Recovering from Cheating | iAmClinic Blog
I”ll admit it—I was a novice at dating, but I tried my hardest to love the man who showered me with gifts. He provided me with European vacations, cars and an offer of lifetime commitment, but I couldn’t fully settle into our relationship. I was too wide-eyed and curious. I wanted to know what it would feel like to sleep with other people and date other personality types.

Without being fully conscious of it, I lived under the assumption that the perfect man was out there waiting for me. Even though my boyfriend of the time was enamored with me and my personality, his love was no match for my wild and unrestrained curiosity, I’m sad to say.

I was caught in perpetual ambivalence: I wanted him so desperately, but I couldn’t commit. I loved him, but I didn’t know with certainty if I would be happy. I was ready to set down roots but leary that I might regret a permanent decision.

The poor chap. He made every attempt to convince me of his love, and yet, he could feel the energy of my rowdy desires. It was in this emotionally dry spell that he was deployed for 18 months as and Army reservist.

My unacknowledged ambivalence and our massive, yet unmentioned emotional distance was unstable, moving ground. Iit grew in pressure and heat like an unerupted volcano during our time apart. When he came home, it finally blew.

The day he walked in our apartment, returned from Iraq, I knew we had hit an all-time low. He was cold, seemingly bored by my presence. Within 24 hours, he asked me to move out. He needed the room so that his new boyfriend could move in.

Needless to say, I spent months reeling with the facts. He had cheated on me. He had slept with someone else. It had been going on for over a year. I spent a season of my life walking with a haze of confusion, pangs of floor-dropping anxiety and gut wrenching grief. After five years, I was not only let go, I was kicked out, and not just because it wasn’t working, but because he had found, what felt like, my replacement.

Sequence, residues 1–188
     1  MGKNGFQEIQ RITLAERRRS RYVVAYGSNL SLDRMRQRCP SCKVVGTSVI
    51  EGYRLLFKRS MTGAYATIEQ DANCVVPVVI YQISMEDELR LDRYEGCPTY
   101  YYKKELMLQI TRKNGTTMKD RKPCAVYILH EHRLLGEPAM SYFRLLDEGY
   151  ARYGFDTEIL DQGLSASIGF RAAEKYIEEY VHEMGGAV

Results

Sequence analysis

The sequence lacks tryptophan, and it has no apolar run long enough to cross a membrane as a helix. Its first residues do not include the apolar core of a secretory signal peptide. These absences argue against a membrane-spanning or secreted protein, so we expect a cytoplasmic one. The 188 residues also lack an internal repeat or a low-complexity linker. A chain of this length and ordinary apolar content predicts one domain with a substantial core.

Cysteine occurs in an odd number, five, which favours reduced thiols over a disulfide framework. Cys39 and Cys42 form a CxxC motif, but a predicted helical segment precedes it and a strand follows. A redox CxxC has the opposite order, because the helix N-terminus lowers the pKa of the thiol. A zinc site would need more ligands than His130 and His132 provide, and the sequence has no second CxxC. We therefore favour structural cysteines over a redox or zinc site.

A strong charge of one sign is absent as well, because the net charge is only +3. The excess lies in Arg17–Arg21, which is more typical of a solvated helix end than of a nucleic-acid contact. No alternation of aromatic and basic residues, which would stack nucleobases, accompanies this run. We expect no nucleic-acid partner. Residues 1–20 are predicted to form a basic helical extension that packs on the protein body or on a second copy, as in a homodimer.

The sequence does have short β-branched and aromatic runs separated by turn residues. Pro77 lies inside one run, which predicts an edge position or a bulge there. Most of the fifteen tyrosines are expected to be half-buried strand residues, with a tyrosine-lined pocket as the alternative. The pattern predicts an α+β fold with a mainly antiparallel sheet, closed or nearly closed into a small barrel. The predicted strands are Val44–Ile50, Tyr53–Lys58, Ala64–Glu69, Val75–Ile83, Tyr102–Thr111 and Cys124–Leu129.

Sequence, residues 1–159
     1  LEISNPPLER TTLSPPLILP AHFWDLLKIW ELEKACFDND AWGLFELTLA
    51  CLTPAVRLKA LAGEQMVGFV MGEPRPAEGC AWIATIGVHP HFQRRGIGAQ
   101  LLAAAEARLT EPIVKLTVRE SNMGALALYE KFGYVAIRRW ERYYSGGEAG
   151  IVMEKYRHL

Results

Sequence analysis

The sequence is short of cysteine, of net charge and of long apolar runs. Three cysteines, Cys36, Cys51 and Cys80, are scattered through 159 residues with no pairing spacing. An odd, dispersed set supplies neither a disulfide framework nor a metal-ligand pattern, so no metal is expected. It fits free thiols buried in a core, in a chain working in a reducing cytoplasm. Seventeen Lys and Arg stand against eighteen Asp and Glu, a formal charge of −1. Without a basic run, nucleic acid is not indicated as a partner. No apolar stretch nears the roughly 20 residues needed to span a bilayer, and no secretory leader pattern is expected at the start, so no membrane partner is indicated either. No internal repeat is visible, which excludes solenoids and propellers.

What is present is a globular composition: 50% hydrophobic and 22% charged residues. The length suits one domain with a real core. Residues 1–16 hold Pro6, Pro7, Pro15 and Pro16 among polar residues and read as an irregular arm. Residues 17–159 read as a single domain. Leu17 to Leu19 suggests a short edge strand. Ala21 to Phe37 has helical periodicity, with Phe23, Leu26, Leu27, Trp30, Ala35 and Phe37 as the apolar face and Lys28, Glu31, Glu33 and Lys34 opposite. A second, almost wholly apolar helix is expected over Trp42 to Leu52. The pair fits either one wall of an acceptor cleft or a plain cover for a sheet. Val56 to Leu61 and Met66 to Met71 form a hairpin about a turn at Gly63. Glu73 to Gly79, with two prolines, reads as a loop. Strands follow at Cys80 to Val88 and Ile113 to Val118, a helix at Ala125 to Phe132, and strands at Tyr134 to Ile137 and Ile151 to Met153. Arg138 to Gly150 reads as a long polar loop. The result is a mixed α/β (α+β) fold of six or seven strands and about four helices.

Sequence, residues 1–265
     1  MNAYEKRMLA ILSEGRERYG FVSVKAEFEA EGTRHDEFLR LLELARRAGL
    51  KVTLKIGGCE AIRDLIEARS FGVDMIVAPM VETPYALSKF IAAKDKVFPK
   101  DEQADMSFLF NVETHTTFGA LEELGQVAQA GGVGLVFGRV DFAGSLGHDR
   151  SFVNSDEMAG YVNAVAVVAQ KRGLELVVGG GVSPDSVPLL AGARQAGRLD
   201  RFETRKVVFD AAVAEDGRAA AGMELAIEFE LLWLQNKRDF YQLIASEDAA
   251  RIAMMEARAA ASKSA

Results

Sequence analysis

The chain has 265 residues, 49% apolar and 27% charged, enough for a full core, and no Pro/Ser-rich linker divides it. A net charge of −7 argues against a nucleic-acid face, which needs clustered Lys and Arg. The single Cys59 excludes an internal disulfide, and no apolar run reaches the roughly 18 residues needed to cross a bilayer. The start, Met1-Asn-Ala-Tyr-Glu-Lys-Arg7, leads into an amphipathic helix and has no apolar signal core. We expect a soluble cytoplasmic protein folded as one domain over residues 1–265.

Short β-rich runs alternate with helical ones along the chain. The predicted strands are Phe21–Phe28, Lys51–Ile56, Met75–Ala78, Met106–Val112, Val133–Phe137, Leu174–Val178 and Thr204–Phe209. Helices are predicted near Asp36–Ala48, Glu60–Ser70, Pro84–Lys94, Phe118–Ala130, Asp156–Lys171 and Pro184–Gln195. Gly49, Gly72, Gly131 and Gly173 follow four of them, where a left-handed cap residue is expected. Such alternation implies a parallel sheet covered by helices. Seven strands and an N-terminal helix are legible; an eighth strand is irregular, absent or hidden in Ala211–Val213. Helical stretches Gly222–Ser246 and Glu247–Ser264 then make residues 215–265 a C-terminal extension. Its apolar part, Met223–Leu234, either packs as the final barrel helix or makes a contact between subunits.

In the aftermath, I felt as though I was sitting in a crater where our home once stood. It was one of the darkest seasons of my life. The debilitating sorrow, however, forced me to reckon with the truth.

I realized that we had lived in a relationally dry climate for too long, and we alone were responsible for letting it get there.

Our vulnerability was too low, our passion had diminished, and we had begun living separate lives. His healthy emotional desires had gone unseen, unacknowledged and unmet for too long. He had been emotionally starving with no sustenance in sight.

Sadly, this type of emotional hunger is all-too common for and often catalyzes those who cheat.

The alarms of emotional hunger may not come all at once. But when important desires—belonging, love, thrill, satisfaction, joy, and romance—go unmet for long, however, partners try to find emotional resources. Some reach for close relatives, best friends or co-workers. Doing so may work for any period of time or it could be the first step of the cheater’s trajectory.

Other partners may begin to scan for another lover who might be able to meet their emotional needs ‘perfectly.’ They often fantasize about the ideal partner and project that fantasy outside of their relationship. At the end of the day, they’re simply looking for someone who can fill up their emotional buckets.

Feeling ashamed of their heightened emotional or sexual yearnings or hopeless than anything will change, partners may be afraid to voice their true desires and needs. As a result of this concealing, they often meet their needs in secret—thus, cheating. In other words, discussing unmet needs with a partner is often much more difficult than seeking to meet them outside the relationship.